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The effect of Sea Buckthorn, a polyphenol and antioxidant rich fruit, on


cognitive function

Conference Paper · July 2010


DOI: 10.1017/S0029665110003186

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Alison Mary Warnock Joanne L Vinall


Queen Margaret University Queen Margaret University
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Edinburgh Napier University
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Proceedings of the Nutrition Society (2010), 69 (OCE6), E455 doi:10.1017/S0029665110003186

Summer Meeting, 28 June–1 July 2010, Nutrition and health: cell to community

The effect of Sea Buckthorn, a polyphenol and antioxidant vitamin-rich


fruit on cognitive function

M. Warnock, J. Wallace and J. McGeachie


School of Health Sciences, Queen Margaret University, Edinburgh EH21 6UU, UK

Many aspects of cognitive performance and memory decline throughout adulthood. Working memory describes a system that temporarily
stores and processes information to support reasoning, learning and comprehension. It is a useful tool to describe and study cognitive
function(1).
Polyphenols are thought to modulate the activity of a large number of enzymes and cell receptors, giving them a role in the prevention
of diseases associated with oxidative stress, such as CVD(2). Animal studies have shown improvement in cognitive function(3). Little is
known about their bioavailability.
Sea Buckthorn (SB) a deciduous shrub is native over much of the world including Great Britain. Its berries are among the most enriched
plant sources of vitamin C with an average 695 mg/100 g and they are high in total phenolics, varying from 144 to 244 mg/100 g
(depending on subspecies and cultivation methods)(4). To date, there have been relatively few comprehensive studies on the effects of SB
polyphenols, and there is no published literature on their impact on cognitive function.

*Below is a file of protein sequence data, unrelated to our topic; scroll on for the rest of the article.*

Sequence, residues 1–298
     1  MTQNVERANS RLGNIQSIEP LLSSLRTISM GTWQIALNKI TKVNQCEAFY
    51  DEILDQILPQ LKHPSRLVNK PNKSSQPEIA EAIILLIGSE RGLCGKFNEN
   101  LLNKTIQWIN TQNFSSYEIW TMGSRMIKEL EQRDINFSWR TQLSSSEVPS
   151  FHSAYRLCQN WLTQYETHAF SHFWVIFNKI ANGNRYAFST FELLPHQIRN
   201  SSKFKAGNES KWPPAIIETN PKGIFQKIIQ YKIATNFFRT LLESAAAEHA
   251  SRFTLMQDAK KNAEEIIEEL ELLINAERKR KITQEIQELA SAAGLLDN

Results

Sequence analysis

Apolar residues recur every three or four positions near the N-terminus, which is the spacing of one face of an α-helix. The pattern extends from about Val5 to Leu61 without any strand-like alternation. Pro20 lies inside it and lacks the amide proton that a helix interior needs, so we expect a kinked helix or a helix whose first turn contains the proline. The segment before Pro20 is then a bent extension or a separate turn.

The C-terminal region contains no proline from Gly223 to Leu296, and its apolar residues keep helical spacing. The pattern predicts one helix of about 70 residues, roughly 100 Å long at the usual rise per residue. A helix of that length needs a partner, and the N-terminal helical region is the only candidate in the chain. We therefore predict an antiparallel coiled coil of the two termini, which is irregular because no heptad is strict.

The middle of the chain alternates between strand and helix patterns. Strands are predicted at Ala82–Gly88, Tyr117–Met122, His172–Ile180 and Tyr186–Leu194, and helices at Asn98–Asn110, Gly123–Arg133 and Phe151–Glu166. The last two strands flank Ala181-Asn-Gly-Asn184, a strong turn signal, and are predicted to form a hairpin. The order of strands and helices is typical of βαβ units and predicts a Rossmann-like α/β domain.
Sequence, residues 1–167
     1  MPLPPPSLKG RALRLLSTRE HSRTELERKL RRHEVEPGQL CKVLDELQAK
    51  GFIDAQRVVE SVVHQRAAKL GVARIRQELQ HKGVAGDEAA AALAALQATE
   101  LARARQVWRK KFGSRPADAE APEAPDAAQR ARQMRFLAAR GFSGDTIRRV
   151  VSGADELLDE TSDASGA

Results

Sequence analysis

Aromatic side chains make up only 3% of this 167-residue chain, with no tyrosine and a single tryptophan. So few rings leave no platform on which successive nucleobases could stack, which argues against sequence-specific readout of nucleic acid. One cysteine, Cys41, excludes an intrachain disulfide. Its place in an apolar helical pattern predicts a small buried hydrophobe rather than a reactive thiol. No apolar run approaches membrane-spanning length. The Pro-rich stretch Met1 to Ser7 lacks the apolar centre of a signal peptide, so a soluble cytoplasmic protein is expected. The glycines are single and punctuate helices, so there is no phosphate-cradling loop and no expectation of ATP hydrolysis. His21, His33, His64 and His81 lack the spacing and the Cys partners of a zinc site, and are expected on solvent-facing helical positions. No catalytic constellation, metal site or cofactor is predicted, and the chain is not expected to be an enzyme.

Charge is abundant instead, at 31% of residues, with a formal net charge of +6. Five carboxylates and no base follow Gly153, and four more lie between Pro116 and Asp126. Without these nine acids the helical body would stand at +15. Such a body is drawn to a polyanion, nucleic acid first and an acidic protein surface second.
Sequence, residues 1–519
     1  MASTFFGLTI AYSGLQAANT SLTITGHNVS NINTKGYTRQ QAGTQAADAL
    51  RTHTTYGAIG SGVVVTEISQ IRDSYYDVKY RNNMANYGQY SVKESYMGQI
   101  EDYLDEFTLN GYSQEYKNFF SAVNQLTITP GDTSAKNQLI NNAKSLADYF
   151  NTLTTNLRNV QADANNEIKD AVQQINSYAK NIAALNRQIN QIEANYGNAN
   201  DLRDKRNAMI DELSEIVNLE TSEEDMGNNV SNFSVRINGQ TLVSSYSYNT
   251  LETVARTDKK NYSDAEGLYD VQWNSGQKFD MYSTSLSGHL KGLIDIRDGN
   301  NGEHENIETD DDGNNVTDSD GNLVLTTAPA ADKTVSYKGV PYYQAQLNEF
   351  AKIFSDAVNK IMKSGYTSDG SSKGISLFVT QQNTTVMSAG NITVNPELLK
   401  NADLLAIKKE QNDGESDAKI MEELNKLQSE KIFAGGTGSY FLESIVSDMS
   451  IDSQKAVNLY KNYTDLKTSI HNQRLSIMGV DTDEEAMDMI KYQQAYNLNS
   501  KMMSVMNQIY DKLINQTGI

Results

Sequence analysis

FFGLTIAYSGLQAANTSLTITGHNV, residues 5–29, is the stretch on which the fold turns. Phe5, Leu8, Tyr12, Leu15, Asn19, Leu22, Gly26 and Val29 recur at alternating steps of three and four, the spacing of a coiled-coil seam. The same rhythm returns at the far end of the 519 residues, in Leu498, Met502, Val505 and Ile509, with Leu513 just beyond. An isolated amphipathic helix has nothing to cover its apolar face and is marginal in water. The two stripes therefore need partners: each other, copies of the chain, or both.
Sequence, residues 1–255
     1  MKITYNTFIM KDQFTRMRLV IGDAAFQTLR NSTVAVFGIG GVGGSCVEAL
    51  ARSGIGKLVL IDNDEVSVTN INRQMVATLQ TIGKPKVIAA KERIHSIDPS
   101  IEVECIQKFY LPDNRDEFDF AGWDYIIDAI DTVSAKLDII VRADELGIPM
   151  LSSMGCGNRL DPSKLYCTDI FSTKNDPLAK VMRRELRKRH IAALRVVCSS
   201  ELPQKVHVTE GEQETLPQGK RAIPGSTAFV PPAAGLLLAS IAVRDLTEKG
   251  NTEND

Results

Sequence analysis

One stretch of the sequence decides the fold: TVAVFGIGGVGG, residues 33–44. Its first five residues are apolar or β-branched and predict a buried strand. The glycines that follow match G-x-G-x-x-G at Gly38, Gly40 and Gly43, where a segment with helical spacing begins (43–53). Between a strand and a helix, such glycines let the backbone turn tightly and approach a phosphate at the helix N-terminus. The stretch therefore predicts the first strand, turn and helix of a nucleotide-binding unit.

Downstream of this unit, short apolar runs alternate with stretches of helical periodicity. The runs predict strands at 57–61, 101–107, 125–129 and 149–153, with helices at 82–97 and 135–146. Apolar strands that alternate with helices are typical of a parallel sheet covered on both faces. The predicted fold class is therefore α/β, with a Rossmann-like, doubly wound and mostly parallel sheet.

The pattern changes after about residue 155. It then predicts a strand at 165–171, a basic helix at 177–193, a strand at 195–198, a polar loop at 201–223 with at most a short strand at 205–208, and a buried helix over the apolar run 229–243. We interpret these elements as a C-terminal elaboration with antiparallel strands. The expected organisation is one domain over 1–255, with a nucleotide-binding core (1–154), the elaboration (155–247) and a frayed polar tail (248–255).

Two pilot studies were undertaken to determine if the short-term consumption of SB juice affected working memory. The first, a
placebo-controlled study (n 12) assessed the effect of supplementary polyphenols in 150 ml fruit juice (40 % SB) over a 7-d period. The
intake of vitamins A, C and E and b-carotene were determined by a food frequency questionnaire. The second, a participant-blind
placebo-controlled crossover study (n 10) assessed the bioavailability of polyphenols in juice (20 % SB) and its effects on working
memory in individuals on a polyphenol-restricted diet over a 12-d period. Cognitive function was evaluated in both studies by Corsi block
Word span and Digit span tests(5).
The mean total urinary phenolics (mg/l gallic acid equivalent) were 208.9, 213.5 and 300.3 for baseline, control and SB treatment,
respectively (P for trend = 0.004). There was also an increase in urinary antioxidant capacity, which, although non-significant, correlated
strongly (r = 0.721) with urinary total phenolics. Routine consumption of foods rich in vitamins C and E was positively correlated to
cognitive function with a strong positive relationship observed for Digit span test score and vitamins C (r = 0.828), E (r = 0.684) and
b-carotene (r = 0.565).
The polyphenols in Sea Buckthorn juice are bioavailable (as determined by urinary phenolic output). In these studies, ingestion of SB
either as a supplement or as a dedicated source of polyphenols, in the doses studied, did not confer significant effects on cognitive
function. However, its effect on ameliorating the impact of oxidative stress in health and disease remains to be elucidated.

1. Repova G & Baddeley A (2006) The multi-component model of working memory: explorations in experimental cognitive psychology. Neuroscience
139, 5–21.
2. Vita JA (2005) Polyphenols and cardiovascular disease: effects on endothelial and platelet function. Am J Clin Nutr 81, 292S–297S.
3. Shukkit-Hale B, Carey A, Simon L et al. (2006) Effect of Concorde grape juice on cognitive and motor deficits in ageing. Nutrition 22, 295–302.
4. Warnock M & Miskin D (2008) Sea Buckthorn (Hippophae rhamnoides L): “A Review and its Potential as a Crop in Scotland” Rec Prog Med Plants
24, 249–264.
5. Baddeley A (2003) Working memory: looking back and looking forward. Nature Rev 4, 829–839.

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